www.digitalmars.com         C & C++   DMDScript  

digitalmars.D - Minor extension to cast syntax

reply Mike <vertex gmx.at> writes:
Hi!

There's some minor thing about the cast syntax that would be very nice to have.
I haven't seen this mentioned here anytime, so ...

cast ( Type ) UnaryExpression

Now, the thing is that casts usually look like ...

cast(type)(some_expression);

... at least in my source code. Most casts need the second pair of parentheses.
So I suggest an additional casting syntax:

cast ( Type, UnaryExpression )

like the VB.Net CStyle ... that thing would be easier to read in complex
expressions (like casting an int to float for some calculation then casting it
back to int, like in drawing stuff that doesn't need to be that accurate.

cast(int)(cast(float)(width - length * position) * scaling);
cast(int, cast(float, width - length * position) * scaling);

After years of writing/reading code you get a pretty good feeling for matching
parentheses when you look at a line of code, but those closing parentheses in
the first line always confuse the eye when you scan the line.

Personally I often forget some parentheses in casts or I find out that I need a
cast after I wrote the expression. Placing the missing parentheses in the first
line is just needlessly complicated. On the other hand the current cast syntax
is perfect when you have a single ... uhm "piece" of expression at the right
hand side of the cast operator, so having the choice between those two forms
would be nice.

Hope that makes sense

-Mike
Oct 31 2007
next sibling parent Robert Fraser <fraserofthenight gmail.com> writes:
Mike Wrote:

 cast(int)(cast(float)(width - length * position) * scaling);
 cast(int, cast(float, width - length * position) * scaling);

First one looks cleaner to me, but maybe that's just because I'm used to it. I'm not against adding the syntax, but I'd never use it.
Oct 31 2007
prev sibling next sibling parent "Steven Schveighoffer" <schveiguy yahoo.com> writes:
"Mike" wrote
 Hi!

 There's some minor thing about the cast syntax that would be very nice to 
 have. I haven't seen this mentioned here anytime, so ...

 cast ( Type ) UnaryExpression

 Now, the thing is that casts usually look like ...

 cast(type)(some_expression);

 ... at least in my source code. Most casts need the second pair of 
 parentheses. So I suggest an additional casting syntax:

 cast ( Type, UnaryExpression )

Mike, This sounds like a matter of personal preference. Since you can already achieve the same thing via the current syntax (with very little change), it would seem that the cost/reward ratio is awfully high. -Steve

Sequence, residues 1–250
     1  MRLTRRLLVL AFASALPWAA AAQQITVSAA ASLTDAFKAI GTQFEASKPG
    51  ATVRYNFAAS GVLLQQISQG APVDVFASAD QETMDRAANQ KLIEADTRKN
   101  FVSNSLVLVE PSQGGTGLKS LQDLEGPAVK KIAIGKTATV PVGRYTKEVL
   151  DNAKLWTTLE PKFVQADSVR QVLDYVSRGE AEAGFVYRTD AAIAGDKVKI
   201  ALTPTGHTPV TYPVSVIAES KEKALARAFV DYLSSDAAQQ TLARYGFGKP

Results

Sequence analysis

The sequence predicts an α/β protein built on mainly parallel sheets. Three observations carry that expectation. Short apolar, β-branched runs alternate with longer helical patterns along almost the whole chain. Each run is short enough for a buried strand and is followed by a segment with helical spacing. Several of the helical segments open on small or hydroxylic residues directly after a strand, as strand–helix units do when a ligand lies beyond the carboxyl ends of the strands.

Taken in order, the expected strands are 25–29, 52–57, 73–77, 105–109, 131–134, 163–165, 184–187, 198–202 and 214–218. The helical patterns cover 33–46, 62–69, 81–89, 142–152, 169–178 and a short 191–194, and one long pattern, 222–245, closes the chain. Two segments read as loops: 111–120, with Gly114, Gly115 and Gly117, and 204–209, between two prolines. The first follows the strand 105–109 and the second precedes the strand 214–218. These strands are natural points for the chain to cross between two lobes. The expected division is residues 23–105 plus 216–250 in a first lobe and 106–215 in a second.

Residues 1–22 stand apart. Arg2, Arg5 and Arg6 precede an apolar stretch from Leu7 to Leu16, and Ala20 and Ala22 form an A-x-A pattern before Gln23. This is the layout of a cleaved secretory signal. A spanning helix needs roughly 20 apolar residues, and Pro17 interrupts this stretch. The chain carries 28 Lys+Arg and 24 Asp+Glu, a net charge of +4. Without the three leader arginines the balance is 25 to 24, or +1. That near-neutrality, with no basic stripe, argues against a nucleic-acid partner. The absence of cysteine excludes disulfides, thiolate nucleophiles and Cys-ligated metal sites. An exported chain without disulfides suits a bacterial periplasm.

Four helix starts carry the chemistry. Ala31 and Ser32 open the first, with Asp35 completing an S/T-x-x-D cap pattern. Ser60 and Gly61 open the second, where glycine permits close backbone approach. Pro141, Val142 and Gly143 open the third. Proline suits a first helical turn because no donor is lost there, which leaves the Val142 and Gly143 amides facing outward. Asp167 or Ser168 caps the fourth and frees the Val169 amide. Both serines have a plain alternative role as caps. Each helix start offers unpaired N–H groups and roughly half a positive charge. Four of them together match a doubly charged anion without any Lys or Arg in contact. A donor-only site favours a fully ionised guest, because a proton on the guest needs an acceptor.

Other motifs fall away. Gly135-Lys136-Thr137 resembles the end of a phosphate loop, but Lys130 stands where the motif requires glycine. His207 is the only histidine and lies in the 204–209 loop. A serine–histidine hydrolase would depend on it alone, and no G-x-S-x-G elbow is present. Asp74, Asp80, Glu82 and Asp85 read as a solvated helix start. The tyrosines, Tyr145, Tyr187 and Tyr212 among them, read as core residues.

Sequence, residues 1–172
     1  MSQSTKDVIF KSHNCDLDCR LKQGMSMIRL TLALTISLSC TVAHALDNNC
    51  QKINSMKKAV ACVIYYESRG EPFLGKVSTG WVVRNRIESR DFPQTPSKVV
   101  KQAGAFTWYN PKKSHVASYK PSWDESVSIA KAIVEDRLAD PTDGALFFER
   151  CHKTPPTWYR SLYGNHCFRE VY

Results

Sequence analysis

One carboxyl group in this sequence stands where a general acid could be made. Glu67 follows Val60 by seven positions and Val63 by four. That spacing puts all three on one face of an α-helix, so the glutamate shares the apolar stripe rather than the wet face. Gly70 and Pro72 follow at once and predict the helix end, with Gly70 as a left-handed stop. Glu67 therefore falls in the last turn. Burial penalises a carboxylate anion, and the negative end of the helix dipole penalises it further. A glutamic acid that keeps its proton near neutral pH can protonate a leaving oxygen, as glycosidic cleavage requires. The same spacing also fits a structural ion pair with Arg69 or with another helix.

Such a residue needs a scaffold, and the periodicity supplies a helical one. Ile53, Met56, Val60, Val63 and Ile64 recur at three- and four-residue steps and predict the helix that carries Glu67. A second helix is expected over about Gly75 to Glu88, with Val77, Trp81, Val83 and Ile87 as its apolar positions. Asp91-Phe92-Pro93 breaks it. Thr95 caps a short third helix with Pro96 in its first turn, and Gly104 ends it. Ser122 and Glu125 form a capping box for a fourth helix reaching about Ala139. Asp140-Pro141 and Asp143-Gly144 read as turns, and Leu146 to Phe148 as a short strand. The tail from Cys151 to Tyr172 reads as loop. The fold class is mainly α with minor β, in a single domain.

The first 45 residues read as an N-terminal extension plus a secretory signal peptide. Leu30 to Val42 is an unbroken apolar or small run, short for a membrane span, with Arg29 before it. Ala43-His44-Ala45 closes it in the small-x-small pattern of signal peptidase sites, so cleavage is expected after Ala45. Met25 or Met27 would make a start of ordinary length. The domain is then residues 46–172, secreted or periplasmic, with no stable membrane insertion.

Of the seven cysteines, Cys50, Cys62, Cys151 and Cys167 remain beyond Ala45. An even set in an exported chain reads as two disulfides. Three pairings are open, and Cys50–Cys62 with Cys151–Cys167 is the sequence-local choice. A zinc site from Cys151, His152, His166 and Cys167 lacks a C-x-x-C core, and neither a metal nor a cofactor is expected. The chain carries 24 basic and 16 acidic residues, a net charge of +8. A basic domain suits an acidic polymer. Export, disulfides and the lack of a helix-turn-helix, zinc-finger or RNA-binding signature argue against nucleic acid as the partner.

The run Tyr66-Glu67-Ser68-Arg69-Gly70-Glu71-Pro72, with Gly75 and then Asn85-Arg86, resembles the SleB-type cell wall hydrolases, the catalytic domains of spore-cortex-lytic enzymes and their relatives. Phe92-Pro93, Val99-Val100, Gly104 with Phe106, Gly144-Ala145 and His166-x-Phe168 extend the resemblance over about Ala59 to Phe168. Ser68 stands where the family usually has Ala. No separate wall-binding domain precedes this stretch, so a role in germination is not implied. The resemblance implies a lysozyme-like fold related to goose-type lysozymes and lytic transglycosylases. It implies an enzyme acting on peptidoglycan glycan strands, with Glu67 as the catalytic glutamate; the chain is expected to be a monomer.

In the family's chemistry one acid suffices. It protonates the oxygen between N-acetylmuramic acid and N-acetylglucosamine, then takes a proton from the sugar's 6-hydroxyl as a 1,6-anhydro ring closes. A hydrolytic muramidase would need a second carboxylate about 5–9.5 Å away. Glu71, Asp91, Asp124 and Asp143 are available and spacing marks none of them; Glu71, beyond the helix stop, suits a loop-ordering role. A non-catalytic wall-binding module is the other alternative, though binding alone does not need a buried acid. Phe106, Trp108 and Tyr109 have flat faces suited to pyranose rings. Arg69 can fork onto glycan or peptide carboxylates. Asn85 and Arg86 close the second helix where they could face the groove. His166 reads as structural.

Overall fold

Oct 31 2007
prev sibling parent reply Gregor Richards <Richards codu.org> writes:
Blech. Makes it look like you're calling a function with arguments being 
a type and then some expression. The current syntax is more similar to 
calling a templated cast function:

cast(int)(foo)
cast!(int)(foo)

That is, cast is a function with a template parameter of the type you're 
casting it to. This isn't how it's implemented at all of course, but the 
syntax is reminiscent of that, and I think that's the better analogy.

  - Gregor Richards
Oct 31 2007
next sibling parent reply "Janice Caron" <caron800 googlemail.com> writes:
On 10/31/07, Gregor Richards <Richards codu.org> wrote:
 The current syntax is more similar to
 calling a templated cast function:

 cast(int)(foo)
 cast!(int)(foo)

 That is, cast is a function with a template parameter of the type you're
 casting it to. This isn't how it's implemented at all of course, but the
 syntax is reminiscent of that, and I think that's the better analogy.

Indeed. And in D2, we've now also got to!(int)(foo) which follows the same pattern
Oct 31 2007
parent reply Bruce Adams <tortoise_74 yeah.who.co.uk> writes:
Janice Caron Wrote:

 On 10/31/07, Gregor Richards <Richards codu.org> wrote:
 The current syntax is more similar to
 calling a templated cast function:

 cast(int)(foo)
 cast!(int)(foo)

 That is, cast is a function with a template parameter of the type you're
 casting it to. This isn't how it's implemented at all of course, but the
 syntax is reminiscent of that, and I think that's the better analogy.

Indeed. And in D2, we've now also got to!(int)(foo) which follows the same pattern

to is a difficult word to google. The shriek doesn't help. Would someone care to enlighten me as to precisely what to does and how a "to" conversion differs from a cast?
Oct 31 2007
parent Bruce Adams <tortoise_74 yeah.who.co.uk> writes:
Janice Caron Wrote:

 On 10/31/07, Bruce Adams <tortoise_74 yeah.who.co.uk> wrote:
 Indeed. And in D2, we've now also got

 to!(int)(foo)

 which follows the same pattern

to is a difficult word to google. The shriek doesn't help. Would someone care to enlighten me as to precisely what to does and how a "to" conversion differs from a cast?

See http://digitalmars.com/d/phobos/std_conv.html

Thanks.
Oct 31 2007
prev sibling parent "Janice Caron" <caron800 googlemail.com> writes:
On 10/31/07, Bruce Adams <tortoise_74 yeah.who.co.uk> wrote:
 Indeed. And in D2, we've now also got

 to!(int)(foo)

 which follows the same pattern

to is a difficult word to google. The shriek doesn't help. Would someone care to enlighten me as to precisely what to does and how a "to" conversion differs from a cast?

See http://digitalmars.com/d/phobos/std_conv.html
Oct 31 2007